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These forgotten women all died without anyone knowing who they were

Now a young Irish artist has painted their images to give them back an identity.

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THEIR FACES ARE contorted, twisted and pained. Some died violent deaths, others lived violent lives.

They’re known as Jane Does: women who died in the USA from 1950 to the present day, and are still unidentified.

Now a young Irish artist has chosen to paint these women’s images, and in the process to give them a new identity.

Sarah Honan is 19 and from Waterford. After falling ill while in Trinity College last year, she picked up a paintbrush during her recovery. That turned into the Jane Doe project, and she has been blogging her progress along the way.

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Though she had painted since she was young, Sarah never considered herself an artist.

She did, though, know she was motivated by social issues, having “always been interested in women and feminism and representations of women in society and all those kinds of issues”.

She wondered how she could contribute to that dialogue herself, but “felt everything was already being said”.

“They have their own right to be represented”

When she discovered the unidentified persons’ database, she hit on her way to take part.
The sheer number of Jane Does shocked her.

“They have their own right to be represented, but then at the same time the more I looked at them… [the more] I realised they have so much to say about women in general,” she says.

November 10th, 1979

She feels the women’s stories reflect the lives of women and the women’s movement in the US and wider afield from the 1950s.

It shows how far we’ve come in that time, but that a lot still has to be changed. Violence was a key factor. A lot of the older women were homeless. The women who died of natural causes were homeless or on the verge of homelessness. It was very clearly a lack of support in these women’s lives.

The youngest Jane Doe is thought to be aged between 13- 19, while the oldest was 85 – 90.

“You definitely had a sense that the 90-year-old had seen everything the 13-year-old saw, just at different stages of their lives.”

I think it became way more apparent to me that by an accumulation of small life choices these women were where they were.

Disposable people

The exhibition is about the idea “of someone being that disposable and forgotten about”, says Honan, who was hugely inspired by the documentary Dreams of a Life, about a young woman whose death went unnoticed.

“I think we have a tendency to think that can’t happen to us, that we are very, very different,” says Honan.

It showed her “how fragile our connections with other people are” and how we can lose contact, even at a time of heavy use of social media.

July 10th, 1991

While there wasn’t a lot of information available about most of the investigations into the Jane Does’ deaths, she was able to find out some details about one woman as her killer had been identified.

Women in society

The project also brought up issues of how women are represented in society, such as under-representation of women politically in Ireland, and the objectification of women, she says.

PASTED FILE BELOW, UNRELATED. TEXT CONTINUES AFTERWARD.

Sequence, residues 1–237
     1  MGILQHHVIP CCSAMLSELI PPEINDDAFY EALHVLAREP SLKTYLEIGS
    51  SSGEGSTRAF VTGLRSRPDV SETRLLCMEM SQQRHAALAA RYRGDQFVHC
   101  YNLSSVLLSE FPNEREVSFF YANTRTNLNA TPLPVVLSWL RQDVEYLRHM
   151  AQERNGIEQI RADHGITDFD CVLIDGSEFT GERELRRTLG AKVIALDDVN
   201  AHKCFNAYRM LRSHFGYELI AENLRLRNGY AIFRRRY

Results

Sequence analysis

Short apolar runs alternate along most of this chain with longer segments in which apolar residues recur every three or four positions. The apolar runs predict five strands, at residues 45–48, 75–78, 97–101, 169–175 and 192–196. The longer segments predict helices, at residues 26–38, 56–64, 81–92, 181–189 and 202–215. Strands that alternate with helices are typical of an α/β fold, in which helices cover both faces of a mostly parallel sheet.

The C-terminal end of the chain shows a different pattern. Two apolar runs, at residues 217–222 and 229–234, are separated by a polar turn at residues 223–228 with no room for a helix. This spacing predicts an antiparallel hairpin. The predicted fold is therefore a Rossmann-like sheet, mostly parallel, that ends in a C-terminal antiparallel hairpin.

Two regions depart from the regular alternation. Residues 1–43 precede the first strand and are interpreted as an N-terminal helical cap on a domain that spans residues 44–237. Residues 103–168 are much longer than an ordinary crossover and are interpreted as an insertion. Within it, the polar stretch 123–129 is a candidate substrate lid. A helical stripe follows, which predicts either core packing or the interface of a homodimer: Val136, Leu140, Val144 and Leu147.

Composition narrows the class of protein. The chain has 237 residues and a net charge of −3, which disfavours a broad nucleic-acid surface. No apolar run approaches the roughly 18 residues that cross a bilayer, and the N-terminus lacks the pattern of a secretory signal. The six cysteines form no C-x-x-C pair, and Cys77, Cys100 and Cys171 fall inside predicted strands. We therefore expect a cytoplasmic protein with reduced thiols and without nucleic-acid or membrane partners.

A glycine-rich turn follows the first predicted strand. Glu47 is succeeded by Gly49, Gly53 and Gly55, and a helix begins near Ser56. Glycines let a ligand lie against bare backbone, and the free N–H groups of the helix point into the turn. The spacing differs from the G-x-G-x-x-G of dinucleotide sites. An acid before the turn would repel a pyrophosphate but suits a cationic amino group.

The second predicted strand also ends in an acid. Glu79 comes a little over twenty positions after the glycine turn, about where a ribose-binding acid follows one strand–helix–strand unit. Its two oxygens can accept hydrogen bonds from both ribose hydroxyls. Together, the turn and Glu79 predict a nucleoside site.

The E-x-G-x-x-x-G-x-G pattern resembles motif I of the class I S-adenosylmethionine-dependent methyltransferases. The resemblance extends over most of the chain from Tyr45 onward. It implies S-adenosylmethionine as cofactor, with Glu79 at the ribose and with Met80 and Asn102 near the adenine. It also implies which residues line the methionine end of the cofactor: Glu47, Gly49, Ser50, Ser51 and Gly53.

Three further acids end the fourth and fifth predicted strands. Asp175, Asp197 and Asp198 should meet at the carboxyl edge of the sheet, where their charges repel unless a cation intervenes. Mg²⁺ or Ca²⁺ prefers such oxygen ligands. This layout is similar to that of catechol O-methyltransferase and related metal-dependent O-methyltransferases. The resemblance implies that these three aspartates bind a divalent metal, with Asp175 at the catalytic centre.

The Jane Does’ deaths also got her thinking about the lives of women beyond Ireland: “There are 700 million women in the world who were married as children; I think there’s over 1.6 billion women who live in developing countries where rape is not considered a crime when you’re married”.

May 10th, 1950

She could see how much things have changed over the years that these women died, but thinks “there’s definitely a sense among women that feminism and the women’s movement is something that happened rather than is happening. I think somehow we’ve led ourselves to believe that we’re done and we’re empowered. [But] there’s still so much work to be done.”

At the beginning, it was like even if these women are seen and their faces remembered, [it's] a little step forward. As the project progressed over the last year, I found that they have a lot to say. These are the epitome of having no identity and being forgotten. Every woman who has stood behind a man in the history and her name isn’t in the history books. It’s not just getting them a legacy in death, but maybe providing for them a legacy that many of us won’t be able to have. It’s speaking to broader issues.

Sarah kept the images private while she spent a year working them, and then gathered enough money through a Fundit campaign to get an exhibition together.

Now all of the paintings are on show in the window of a vacant building at the corner of Meetinghouse Lane and O’Connell Street in Waterford City.

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“I don’t like drawing attention to myself – the only reason I have is for the women,” says Honan of her motivation. She has also been pleased with people’s reaction to the paintings.

“With such a lonely and morbid project, it was nice to see people react and go ‘I never thought about this that way’. Just getting people into a dialogue that mightn’t have necessarily seen things that way.”

It was a gruelling year for her, but necessary work. “It’s a never-ending project,” she said. “There’s no climax or anything.” Although she doesn’t know if the project will help the women’s true identities be found, they have helped her find her identity as an artist.

It has also inspired her in other ways.

“I would definitely see myself [more] in the activism side of things than the art world,” she said. “It’s more social issues that really inspire me than the physical art itself.”

Read: Obsession, sex, weight and women – welcome to the world of Only Ever Yours>

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